I woke up on one of the first actually-independent days of my semester. This was my life now, I thought. This is what you wanted. Parents were gone, tourist obligations were done, the niceties of orientation had faded… Okay. Okay. …Okay.
“So, do you like pasta?”
I blinked. I realized I had been pacing the sunlit living room when the voice of Chiara, my live-in RA who was born and raised in Milan, gently tapped me on the forehead. She was standing there with a half-bemused, half-you-shouldn’t-disturb-a-creature-in-the-wild face; she’d probably been watching me for a while.
“Uhh… Yes. I mean, IcametoItalyofcourseIlikepastahahayeahIlikeeverythinghaImeanit’sItaly, haha.”
I rant when I’m nervous.
She wordlessly swept into the kitchen and started… to cook my breakfast. For me. She was cooking it for me. My misplaced American reverse-ego and panicked Filipino good-guest genes shoved me skittering into the kitchen, waving my arms around like a dodo bird, and I sounded something like, “NO youdon’thavetocookformeitsfineomgnoit’stotallyokay!”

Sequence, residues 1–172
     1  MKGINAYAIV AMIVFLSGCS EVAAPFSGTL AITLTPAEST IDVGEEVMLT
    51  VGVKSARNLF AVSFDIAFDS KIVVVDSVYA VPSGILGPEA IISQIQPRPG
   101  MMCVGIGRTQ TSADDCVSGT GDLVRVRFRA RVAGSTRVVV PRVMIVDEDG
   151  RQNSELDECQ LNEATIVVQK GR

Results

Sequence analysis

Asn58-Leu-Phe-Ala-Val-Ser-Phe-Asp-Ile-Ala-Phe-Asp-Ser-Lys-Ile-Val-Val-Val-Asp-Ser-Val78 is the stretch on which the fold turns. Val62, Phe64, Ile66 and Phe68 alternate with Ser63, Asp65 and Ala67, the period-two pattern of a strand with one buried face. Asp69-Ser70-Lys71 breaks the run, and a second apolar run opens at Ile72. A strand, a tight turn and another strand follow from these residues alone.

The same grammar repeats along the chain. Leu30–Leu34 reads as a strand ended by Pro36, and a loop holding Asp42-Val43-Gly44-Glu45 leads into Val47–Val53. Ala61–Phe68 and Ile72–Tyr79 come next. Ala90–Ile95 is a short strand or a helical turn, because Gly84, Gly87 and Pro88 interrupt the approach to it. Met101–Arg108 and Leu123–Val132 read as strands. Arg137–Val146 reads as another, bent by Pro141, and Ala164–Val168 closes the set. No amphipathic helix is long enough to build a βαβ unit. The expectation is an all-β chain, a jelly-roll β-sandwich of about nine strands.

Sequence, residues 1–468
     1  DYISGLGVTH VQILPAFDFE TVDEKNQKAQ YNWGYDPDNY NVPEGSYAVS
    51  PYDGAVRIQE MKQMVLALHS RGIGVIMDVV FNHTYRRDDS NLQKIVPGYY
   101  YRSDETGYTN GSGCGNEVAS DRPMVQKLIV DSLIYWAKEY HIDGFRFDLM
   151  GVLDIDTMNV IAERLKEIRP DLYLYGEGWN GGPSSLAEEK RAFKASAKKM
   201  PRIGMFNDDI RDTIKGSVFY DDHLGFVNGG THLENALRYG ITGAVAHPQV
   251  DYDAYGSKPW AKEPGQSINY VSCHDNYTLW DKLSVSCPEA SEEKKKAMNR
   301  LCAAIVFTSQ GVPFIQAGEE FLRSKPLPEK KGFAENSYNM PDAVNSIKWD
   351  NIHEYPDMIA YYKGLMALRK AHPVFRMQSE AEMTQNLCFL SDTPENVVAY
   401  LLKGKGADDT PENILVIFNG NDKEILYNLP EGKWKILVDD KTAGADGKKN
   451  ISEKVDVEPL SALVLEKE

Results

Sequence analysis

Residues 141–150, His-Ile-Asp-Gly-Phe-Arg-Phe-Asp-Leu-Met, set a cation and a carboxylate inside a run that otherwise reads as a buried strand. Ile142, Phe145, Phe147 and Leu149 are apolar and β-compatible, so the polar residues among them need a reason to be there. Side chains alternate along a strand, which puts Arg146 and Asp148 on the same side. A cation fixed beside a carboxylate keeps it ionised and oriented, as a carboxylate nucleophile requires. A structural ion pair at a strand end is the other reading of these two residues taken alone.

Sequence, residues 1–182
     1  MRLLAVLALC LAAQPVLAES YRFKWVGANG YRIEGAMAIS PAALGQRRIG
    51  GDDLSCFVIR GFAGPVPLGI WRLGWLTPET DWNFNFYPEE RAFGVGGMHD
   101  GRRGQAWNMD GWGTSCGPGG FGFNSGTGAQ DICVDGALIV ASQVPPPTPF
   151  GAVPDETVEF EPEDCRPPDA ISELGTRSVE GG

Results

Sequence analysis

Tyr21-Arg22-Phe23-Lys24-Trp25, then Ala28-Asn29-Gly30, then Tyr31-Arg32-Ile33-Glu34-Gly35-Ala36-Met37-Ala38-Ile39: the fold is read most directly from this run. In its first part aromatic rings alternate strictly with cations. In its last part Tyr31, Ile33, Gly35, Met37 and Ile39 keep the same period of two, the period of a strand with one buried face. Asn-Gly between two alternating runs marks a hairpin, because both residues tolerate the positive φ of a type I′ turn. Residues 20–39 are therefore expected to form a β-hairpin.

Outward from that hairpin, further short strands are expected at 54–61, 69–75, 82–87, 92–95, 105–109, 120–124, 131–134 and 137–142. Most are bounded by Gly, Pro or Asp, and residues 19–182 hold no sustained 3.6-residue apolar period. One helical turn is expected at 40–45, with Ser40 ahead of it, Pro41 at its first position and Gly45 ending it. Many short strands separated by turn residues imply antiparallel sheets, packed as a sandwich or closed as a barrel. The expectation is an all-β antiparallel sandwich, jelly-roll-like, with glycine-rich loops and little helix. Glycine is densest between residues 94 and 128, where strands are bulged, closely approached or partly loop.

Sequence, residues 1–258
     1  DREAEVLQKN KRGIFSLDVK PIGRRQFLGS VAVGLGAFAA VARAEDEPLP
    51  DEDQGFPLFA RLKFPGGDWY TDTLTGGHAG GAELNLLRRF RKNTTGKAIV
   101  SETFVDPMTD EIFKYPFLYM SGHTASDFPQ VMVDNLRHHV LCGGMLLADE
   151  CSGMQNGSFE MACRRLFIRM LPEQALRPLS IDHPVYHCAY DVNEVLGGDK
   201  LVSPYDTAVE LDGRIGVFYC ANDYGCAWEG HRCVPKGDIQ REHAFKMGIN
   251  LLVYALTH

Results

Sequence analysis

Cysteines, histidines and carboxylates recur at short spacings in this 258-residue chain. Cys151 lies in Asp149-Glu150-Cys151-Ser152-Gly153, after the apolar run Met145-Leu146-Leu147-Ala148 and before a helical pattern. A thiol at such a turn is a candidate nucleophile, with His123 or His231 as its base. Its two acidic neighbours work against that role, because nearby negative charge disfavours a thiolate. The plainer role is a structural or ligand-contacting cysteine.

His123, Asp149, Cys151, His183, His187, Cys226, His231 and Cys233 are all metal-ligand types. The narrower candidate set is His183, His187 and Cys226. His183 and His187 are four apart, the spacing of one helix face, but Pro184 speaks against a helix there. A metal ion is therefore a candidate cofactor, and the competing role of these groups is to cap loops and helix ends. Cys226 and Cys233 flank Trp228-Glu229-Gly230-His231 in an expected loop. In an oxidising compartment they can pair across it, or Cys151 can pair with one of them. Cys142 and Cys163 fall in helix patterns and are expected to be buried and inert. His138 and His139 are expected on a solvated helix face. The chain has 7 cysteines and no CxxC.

“Oh. Do you have other plans?”
“Do you not like pasta?”
“Aren’t you hungry?”
She raised her palms incredulously, like she was holding out two trays.
“Okay. We eat.”
I didn’t really know what else to do, so I took pictures.
Cause that didn’t add to my weird-American antics.
I spent the rest of the semester trying to use my Made-in-the-USA values of independence and etiquette to fight Chiara’s… logic. I lost a lot. She cooked many meals for me and always laughed when I tried to resist but seemed to have no good reason why. I blushed my way through many pestos. I included her laundry with mine whenever I could. It was hard to shake off feeling like a perpetual guest — Chiara seemed to want to always move past that, cause what does it all prove, anyway? Doesn’t it just waste a lot of time?
If hospitality is logic, than what reason do we have for the distance that “good manners” create?
Verbal Vomit Project Regurgitation: